Telling Your Story

Photo of students talking at the Stamford Campus.“Tell me about yourself.” This seemingly innocuous question is – in one form or another – a common question that you will be asked at the start of an informational meeting. You may also get asked some version of this question at networking events or when attending professional conferences. Though it sounds like an easy question to answer, if you’re not prepared for it, this question can be challenging.

When having an informational meeting, the professor or professional you’re speaking with is hoping to gain insight into your background, what sparked your interest in their field or research, what you already know about the field and/or their work, and what you’re hoping to gain from your conversation with them.

Answering this question is like telling a story, albeit a concise one. The story you tell will set the tone for your interaction and will help the person you’re speaking with guide the conversation.

Structuring Your Story

There are three parts to your story: your background, your research interests or interest in the field, and what you’re hoping to learn from your conversation.

  • Start by considering what key pieces of information you want the person to know about you. What pieces of your background do you want to highlight? Consider your coursework, internship experiences, on-campus activities or jobs, and your goals and aspirations. These set the stage for discussing why you’re interested in speaking with them.
  • It’s not enough to simply mention courses, internships, or other experiences; you need to articulate what you learned from those, the impact or influence they had on you, and how they have led you to your current interests and feed into your future goals. Put the pieces together in a coherent way that gives your audience a picture of who you are.
  • After you’ve discussed your background and interests, conclude your story by stating what you’re hoping to learn from the conversation. Why did you want to speak with them specifically? What about their background and work motivated you to want to speak with them? What assistance or guidance are you seeking?

Always keep the conversation professional and tactful. “Can I work in your lab?” or “How can I get research experience?” is not the most diplomatic approach to take when seeking opportunities to get involved. Instead try the following:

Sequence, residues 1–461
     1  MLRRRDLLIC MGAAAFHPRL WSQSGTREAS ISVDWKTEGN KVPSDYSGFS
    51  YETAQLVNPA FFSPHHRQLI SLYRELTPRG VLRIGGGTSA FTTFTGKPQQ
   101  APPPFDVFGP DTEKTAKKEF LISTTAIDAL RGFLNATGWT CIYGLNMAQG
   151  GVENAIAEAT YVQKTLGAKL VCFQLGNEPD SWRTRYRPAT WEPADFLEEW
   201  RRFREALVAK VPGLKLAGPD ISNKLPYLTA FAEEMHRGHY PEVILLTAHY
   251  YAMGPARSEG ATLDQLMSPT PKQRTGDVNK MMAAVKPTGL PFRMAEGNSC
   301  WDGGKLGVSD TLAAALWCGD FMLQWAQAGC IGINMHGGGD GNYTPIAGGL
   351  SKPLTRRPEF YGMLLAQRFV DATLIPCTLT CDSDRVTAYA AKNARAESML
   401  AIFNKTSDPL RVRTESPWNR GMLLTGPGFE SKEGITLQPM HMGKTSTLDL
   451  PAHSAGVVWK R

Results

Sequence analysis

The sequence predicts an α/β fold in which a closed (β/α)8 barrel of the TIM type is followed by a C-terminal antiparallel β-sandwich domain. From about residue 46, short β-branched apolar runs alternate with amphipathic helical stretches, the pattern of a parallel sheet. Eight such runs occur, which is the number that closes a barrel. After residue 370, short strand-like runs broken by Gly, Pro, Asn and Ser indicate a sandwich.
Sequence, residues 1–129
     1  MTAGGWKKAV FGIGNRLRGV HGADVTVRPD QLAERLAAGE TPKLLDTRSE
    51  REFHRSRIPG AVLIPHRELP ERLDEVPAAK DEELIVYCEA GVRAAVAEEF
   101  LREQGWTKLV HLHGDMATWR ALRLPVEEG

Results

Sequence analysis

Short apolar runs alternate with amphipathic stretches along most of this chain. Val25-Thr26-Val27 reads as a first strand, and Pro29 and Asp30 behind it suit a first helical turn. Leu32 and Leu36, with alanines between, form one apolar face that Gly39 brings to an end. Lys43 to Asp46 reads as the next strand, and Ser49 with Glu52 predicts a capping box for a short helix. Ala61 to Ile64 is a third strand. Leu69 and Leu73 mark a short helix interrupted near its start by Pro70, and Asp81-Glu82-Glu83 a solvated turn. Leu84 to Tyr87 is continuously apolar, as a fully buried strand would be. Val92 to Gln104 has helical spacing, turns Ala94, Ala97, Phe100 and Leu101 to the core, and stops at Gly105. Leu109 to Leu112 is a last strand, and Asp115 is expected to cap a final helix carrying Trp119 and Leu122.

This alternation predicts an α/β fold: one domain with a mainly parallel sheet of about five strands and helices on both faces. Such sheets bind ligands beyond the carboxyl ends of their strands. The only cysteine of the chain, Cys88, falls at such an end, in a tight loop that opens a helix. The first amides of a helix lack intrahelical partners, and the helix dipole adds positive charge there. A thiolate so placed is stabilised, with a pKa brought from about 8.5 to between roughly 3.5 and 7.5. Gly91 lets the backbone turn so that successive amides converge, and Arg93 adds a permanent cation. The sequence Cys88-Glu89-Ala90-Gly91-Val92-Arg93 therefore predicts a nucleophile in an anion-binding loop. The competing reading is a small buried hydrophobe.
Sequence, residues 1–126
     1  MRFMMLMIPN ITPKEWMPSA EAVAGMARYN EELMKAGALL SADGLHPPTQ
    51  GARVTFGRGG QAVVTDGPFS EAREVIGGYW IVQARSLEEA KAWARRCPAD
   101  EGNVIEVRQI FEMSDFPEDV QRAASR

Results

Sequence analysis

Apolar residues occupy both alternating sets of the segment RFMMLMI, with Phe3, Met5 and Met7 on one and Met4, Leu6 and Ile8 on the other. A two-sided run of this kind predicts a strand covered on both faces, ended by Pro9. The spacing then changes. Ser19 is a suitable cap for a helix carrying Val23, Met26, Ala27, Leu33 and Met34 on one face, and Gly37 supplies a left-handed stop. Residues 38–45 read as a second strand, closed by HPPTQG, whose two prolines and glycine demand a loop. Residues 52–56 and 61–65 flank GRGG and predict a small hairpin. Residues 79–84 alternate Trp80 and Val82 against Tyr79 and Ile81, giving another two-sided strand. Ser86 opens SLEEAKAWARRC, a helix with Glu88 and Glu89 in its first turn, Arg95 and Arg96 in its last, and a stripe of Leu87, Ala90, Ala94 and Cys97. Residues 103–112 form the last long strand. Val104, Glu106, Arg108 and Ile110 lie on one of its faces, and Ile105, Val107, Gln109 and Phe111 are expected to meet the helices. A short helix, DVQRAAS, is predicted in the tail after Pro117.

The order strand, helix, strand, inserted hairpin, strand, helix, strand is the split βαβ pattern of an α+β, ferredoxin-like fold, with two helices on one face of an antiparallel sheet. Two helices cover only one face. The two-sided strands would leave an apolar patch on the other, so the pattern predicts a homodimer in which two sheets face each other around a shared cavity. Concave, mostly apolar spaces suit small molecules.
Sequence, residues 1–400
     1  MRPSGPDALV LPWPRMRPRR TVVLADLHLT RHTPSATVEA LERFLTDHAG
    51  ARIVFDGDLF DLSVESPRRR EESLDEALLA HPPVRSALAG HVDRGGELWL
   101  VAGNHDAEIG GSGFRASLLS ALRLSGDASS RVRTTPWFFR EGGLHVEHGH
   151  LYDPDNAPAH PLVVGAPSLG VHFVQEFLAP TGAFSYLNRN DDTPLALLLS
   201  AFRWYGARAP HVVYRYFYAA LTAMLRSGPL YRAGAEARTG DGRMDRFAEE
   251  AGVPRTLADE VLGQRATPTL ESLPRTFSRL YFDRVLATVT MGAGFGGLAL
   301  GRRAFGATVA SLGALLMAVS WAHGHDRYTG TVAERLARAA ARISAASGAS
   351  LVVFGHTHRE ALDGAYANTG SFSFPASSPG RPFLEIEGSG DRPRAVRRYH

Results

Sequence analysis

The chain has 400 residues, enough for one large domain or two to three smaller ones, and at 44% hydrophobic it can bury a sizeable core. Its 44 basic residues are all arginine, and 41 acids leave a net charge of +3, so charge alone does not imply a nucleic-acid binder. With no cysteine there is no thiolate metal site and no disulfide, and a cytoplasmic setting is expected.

“As I mentioned, my goal is to _________________________. I want to develop my _____________ skills/gain exposure to _____________________, and I know that getting involved with research is a great way to do that. I’ve been looking into labs/research settings on campus and have identified a few that I’m drawn to. I would appreciate your thoughts on which of these areas might be a good fit for my background and goals, and advice you may have on getting involved with these labs/research projects.”

You will need to do your homework prior to the conversation to demonstrate that you are serious and that you’re not expecting them to do your work for you. Take time to reflect on your goals. Review the information in our Goal Setting section for questions to guide your reflection.

Keep it Concise

There’s no firm rule on how long your story should be, though a general guideline is to keep it around a minute long, and no more than two minutes. Though the question is open-ended, keep focused on key information. Avoid going into too much depth on your personal history and focus on conveying information relevant to the relationship you’re looking to build.


Finally, as important as it is to structure your story, it’s equally important to practice it. Your story needs to sound natural, not scripted. Each time you tell your story it may be different, which is OK as long as you’re hitting the key points. Avoid writing out every word and memorizing it; this will make your story sound rehearsed and overworked. First impressions are made quickly; make sure the impression you make is a positive one.